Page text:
Excessive saliva is caused by an increase in the body’s saliva production or a decrease in a person’s ability to swallow or keep saliva in the mouth, says Mayo Clinic. Some causes of increased saliva production include improperly fit dentures, gastroesophageal reflux disease and a mouth or throat infection.Continue Reading
Some causes of decreased ability to swallow or retain saliva in the mouth include allergies, acute sinusitis, enlarged adenoids and tumors that affect lip or tongue movement, states Mayo Clinic. Certain conditions decrease a person’s ability to swallow or keep saliva, as they affect muscle coordination and the function of the oral cavity.
WebMD explains that excessive saliva is typically not a serious problem unless it persists. People normally produce more or less saliva depending on the foods and beverages they consume. The body tends to swallow more to take care of excess saliva. A person makes too much saliva when he has problems swallowing and when one or more salivary gland is overactive. It is normal for the salivary glands to become overactive when a person eats very spicy foods. However, when excessive saliva occurs all the time, it is important to consult a healthcare provider as it can be a result of a medical condition or a side effect of a medication.Learn more about Gastrointestinal Issues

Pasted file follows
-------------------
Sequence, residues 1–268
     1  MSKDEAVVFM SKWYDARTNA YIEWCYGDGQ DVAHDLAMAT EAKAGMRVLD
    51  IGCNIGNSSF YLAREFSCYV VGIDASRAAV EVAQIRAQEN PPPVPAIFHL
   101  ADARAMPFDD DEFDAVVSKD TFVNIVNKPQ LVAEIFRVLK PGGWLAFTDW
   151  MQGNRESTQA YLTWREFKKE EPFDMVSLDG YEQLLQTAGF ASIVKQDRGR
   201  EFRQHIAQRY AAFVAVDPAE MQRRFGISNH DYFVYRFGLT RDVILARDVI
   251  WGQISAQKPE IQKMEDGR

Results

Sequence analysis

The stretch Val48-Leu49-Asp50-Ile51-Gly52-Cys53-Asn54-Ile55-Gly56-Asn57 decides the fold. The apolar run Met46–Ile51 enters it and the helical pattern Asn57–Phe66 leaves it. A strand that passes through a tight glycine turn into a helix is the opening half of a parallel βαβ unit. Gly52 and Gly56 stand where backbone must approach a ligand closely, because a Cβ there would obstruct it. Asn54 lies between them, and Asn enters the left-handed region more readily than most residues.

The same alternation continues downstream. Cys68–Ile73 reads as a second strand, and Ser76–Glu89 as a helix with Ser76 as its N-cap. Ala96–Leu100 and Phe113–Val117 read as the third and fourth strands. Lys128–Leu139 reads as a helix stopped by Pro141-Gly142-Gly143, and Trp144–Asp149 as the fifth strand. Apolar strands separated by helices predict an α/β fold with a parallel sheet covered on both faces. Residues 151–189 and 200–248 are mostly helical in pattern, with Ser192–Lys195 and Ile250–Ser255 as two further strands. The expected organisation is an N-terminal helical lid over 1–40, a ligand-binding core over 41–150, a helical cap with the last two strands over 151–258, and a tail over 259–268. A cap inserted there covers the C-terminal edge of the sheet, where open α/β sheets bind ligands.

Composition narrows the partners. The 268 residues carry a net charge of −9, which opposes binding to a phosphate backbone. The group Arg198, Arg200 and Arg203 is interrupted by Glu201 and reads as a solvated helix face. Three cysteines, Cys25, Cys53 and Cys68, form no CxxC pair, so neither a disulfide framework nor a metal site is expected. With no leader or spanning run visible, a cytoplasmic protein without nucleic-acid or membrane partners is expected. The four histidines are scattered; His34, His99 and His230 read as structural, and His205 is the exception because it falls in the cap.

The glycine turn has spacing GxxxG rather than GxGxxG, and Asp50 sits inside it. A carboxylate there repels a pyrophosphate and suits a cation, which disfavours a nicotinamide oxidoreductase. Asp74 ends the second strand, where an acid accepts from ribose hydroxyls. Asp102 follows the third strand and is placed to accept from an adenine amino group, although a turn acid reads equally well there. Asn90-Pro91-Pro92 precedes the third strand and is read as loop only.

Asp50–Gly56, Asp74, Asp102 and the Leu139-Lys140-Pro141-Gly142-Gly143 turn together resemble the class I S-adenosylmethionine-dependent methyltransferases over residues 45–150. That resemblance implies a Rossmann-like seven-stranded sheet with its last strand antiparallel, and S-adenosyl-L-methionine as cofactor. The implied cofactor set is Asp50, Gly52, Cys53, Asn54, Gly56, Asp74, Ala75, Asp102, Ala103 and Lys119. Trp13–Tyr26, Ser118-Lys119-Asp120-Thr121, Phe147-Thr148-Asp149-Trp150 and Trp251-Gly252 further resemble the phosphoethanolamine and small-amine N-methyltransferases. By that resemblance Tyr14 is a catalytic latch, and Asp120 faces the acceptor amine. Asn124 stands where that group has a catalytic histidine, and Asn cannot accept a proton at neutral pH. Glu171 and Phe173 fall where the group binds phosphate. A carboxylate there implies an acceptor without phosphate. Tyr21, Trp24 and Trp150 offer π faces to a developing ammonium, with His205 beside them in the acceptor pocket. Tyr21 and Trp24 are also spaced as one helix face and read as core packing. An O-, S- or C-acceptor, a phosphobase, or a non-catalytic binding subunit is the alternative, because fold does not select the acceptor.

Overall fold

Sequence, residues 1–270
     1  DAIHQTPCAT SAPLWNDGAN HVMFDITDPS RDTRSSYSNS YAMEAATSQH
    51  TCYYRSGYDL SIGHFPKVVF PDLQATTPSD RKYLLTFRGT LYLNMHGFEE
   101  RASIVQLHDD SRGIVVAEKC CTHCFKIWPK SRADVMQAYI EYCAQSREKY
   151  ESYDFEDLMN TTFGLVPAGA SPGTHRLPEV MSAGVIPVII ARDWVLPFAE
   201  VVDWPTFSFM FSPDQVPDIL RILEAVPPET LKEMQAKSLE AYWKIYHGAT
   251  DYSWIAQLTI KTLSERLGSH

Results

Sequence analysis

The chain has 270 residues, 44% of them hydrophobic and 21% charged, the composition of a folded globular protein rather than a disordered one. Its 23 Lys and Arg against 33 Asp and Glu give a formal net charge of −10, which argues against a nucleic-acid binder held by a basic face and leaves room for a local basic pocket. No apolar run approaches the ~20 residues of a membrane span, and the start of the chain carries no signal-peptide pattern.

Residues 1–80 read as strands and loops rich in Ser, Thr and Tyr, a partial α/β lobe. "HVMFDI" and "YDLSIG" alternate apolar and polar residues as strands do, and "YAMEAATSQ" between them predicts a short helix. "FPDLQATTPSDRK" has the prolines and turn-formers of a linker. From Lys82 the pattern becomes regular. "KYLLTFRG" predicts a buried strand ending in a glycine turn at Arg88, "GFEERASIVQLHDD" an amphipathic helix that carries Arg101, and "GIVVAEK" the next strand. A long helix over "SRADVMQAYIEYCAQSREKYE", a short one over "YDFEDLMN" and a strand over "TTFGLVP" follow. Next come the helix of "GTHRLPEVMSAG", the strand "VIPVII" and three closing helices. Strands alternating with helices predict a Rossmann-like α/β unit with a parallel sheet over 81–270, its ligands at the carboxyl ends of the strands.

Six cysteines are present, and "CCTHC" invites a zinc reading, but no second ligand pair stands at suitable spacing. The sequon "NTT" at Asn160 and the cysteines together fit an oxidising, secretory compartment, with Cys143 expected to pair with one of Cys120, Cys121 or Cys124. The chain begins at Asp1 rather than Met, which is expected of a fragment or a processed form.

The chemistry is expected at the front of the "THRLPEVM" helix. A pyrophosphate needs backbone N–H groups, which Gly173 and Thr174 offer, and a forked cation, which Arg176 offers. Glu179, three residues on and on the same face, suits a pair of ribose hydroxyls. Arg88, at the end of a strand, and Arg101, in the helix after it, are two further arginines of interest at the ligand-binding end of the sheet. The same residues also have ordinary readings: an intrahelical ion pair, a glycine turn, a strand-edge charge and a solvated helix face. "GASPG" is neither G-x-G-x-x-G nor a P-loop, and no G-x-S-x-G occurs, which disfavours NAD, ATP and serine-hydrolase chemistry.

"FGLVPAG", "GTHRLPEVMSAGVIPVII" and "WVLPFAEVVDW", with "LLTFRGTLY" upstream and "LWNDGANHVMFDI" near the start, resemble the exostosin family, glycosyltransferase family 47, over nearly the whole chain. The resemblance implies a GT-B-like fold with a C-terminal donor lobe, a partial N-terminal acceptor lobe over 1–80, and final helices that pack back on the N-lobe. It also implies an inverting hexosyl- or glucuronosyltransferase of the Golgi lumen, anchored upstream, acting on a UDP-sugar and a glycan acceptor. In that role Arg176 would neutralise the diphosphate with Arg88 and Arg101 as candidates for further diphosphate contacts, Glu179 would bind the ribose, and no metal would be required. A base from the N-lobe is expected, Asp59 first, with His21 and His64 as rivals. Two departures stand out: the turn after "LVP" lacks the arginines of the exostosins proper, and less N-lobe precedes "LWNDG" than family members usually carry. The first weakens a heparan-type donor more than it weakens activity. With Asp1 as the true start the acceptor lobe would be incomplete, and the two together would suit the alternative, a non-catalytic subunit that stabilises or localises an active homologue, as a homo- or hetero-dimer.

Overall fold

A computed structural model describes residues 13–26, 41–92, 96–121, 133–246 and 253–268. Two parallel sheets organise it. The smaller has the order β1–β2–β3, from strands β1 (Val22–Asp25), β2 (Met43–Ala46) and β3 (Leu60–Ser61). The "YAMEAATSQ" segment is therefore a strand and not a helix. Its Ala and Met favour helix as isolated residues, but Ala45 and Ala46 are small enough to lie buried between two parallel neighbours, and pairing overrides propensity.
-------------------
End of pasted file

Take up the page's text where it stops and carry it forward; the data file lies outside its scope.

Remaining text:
Treatment for a peptic ulcer, which affects the stomach, small intestine or esophagus, includes antibiotic medicines that eliminate H. pylori, drugs that block acid production, and antacids that relieve pain and neutralize stomach acid, according to Mayo Clinic. Doctors may also recommend cytoprotective agents, which protect the stomach lining.Full Answer >
Excessive production of stomach acid may result in the formation of peptic ulcers or trigger loose bowel movements, states Mayo Clinic. This condition is associated with Zollinger-Ellison syndrome, which is characterized by the initial development of gastrinomas.Full Answer >
Depending on the cause, natural cures for halitosis include using proper oral hygiene, avoiding tobacco use, drinking plenty of water to keep the mouth moist, and chewing sugarless gum or sucking on hard candies to stimulate saliva flow, states MedicineNet. Chewing on mint or parsley freshens breath as well.Full Answer >
As of 2014, Mayo Clinic states there is no known cure for irritable bowel syndrome, or IBS, because the cause remains unidentified. Treatment methods are used to manage symptoms and provide individual relief.Full Answer >